Die letzten 5 Focus-News des innovations-reports im Überblick:

Im Focus: Etching Microstructures with Lasers

Ultrafast lasers have introduced new possibilities in engraving ultrafine structures, and scientists are now also investigating how to use them to etch microstructures into thin glass. There are possible applications in analytics (lab on a chip) and especially in electronics and the consumer sector, where great interest has been shown.

This new method was born of a surprising phenomenon: irradiating glass in a particular way with an ultrafast laser has the effect of making the glass up to a...

Im Focus: Light-driven atomic rotations excite magnetic waves

Terahertz excitation of selected crystal vibrations leads to an effective magnetic field that drives coherent spin motion

Controlling functional properties by light is one of the grand goals in modern condensed matter physics and materials science. A new study now demonstrates how...

Im Focus: New 3-D wiring technique brings scalable quantum computers closer to reality

Researchers from the Institute for Quantum Computing (IQC) at the University of Waterloo led the development of a new extensible wiring technique capable of controlling superconducting quantum bits, representing a significant step towards to the realization of a scalable quantum computer.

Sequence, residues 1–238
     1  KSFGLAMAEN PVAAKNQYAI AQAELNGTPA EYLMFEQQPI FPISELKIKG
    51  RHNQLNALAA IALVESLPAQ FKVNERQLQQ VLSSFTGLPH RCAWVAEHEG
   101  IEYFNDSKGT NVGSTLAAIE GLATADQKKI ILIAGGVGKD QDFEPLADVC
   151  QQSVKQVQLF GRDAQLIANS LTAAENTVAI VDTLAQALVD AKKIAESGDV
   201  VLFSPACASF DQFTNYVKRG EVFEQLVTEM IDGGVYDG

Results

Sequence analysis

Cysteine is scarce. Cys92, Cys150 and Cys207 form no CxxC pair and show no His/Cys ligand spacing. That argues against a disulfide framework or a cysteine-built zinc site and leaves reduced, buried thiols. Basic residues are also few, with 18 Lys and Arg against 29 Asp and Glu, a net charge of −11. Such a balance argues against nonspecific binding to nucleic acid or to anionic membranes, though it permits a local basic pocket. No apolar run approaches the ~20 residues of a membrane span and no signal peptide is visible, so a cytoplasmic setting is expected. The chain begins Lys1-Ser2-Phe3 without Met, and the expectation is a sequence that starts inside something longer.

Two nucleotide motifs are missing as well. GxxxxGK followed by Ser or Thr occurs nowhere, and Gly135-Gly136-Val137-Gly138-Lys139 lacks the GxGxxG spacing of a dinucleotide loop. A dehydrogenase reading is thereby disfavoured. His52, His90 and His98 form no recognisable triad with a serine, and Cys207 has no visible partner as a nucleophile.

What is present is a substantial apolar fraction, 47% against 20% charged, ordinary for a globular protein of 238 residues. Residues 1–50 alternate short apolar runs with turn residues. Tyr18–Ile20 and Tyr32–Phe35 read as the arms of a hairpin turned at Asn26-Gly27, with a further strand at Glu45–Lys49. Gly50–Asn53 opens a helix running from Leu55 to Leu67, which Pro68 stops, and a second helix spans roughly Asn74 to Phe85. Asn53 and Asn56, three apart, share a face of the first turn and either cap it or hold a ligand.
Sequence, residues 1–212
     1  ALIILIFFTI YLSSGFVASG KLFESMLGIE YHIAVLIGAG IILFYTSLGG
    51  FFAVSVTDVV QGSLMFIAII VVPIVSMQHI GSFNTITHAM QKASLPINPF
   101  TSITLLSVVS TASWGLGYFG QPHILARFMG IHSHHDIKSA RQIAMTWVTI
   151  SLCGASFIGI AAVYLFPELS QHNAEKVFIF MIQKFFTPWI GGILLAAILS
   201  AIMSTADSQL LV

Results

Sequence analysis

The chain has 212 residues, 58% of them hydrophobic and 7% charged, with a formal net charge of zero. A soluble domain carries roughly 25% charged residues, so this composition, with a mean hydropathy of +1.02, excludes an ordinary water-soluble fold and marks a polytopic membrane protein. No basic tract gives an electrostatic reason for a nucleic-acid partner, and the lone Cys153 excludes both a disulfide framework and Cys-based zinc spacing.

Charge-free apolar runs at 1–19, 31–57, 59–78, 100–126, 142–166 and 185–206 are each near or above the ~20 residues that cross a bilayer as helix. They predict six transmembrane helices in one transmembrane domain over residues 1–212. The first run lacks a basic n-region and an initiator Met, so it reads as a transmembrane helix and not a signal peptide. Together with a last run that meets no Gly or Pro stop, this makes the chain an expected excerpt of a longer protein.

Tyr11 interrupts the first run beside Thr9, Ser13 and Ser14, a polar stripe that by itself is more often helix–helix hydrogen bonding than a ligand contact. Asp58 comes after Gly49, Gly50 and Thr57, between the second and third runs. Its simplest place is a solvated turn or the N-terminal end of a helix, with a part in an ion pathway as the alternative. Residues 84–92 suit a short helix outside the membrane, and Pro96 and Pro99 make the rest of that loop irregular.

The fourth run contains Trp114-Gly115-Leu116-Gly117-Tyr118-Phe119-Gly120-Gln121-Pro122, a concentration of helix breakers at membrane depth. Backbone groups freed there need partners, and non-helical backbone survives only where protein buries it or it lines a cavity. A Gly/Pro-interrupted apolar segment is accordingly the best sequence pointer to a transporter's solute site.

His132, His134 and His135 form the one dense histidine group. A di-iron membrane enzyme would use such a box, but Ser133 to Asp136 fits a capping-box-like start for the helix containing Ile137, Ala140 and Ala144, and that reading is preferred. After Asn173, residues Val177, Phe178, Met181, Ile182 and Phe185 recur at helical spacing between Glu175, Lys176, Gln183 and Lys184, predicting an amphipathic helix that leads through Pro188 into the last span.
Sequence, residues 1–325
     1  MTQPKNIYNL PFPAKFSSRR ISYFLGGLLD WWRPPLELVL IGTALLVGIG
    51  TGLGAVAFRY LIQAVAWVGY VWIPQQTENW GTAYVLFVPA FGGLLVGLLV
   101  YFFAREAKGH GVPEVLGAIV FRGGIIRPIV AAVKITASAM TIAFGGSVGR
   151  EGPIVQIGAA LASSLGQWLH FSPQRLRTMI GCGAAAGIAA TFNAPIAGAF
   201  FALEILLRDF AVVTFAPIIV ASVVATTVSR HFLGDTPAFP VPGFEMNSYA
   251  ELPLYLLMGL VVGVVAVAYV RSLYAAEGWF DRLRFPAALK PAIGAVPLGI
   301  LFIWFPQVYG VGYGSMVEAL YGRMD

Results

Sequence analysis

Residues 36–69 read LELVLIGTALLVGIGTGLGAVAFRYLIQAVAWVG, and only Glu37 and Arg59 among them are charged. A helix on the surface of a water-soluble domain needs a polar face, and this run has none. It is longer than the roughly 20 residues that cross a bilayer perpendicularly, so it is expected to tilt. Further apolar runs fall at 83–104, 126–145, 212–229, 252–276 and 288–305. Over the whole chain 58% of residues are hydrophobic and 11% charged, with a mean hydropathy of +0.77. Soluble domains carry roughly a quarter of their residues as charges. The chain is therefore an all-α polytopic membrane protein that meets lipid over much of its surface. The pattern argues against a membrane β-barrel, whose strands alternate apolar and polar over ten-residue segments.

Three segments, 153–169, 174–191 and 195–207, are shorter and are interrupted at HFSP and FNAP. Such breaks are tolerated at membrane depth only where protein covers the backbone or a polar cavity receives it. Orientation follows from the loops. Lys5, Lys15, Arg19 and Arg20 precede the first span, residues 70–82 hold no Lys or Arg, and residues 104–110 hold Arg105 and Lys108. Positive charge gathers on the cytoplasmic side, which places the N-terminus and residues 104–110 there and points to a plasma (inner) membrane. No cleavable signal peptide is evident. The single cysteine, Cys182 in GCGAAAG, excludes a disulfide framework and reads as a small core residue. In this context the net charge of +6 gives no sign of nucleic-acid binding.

"The quantum socket is a wiring method that uses three-dimensional wires based on spring-loaded pins to address individual qubits," said Jeremy Béjanin, a PhD...

Im Focus: Scientists develop a semiconductor nanocomposite material that moves in response to light

In a paper in Scientific Reports, a research team at Worcester Polytechnic Institute describes a novel light-activated phenomenon that could become the basis for applications as diverse as microscopic robotic grippers and more efficient solar cells.

A research team at Worcester Polytechnic Institute (WPI) has developed a revolutionary, light-activated semiconductor nanocomposite material that can be used...

Im Focus: Diamonds aren't forever: Sandia, Harvard team create first quantum computer bridge

By forcefully embedding two silicon atoms in a diamond matrix, Sandia researchers have demonstrated for the first time on a single chip all the components needed to create a quantum bridge to link quantum computers together.

"People have already built small quantum computers," says Sandia researcher Ryan Camacho. "Maybe the first useful one won't be a single giant quantum computer...

All Focus news of the innovation-report >>>



Event News

#IC2S2: When Social Science meets Computer Science - GESIS will host the IC2S2 conference 2017

14.10.2016 | Event News

Agricultural Trade Developments and Potentials in Central Asia and the South Caucasus

14.10.2016 | Event News

World Health Summit – Day Three: A Call to Action

12.10.2016 | Event News

Latest News

How nanoscience will improve our health and lives in the coming years

27.10.2016 | Materials Sciences

OU-led team discovers rare, newborn tri-star system using ALMA

27.10.2016 | Physics and Astronomy

'Neighbor maps' reveal the genome's 3-D shape

27.10.2016 | Life Sciences

More VideoLinks >>>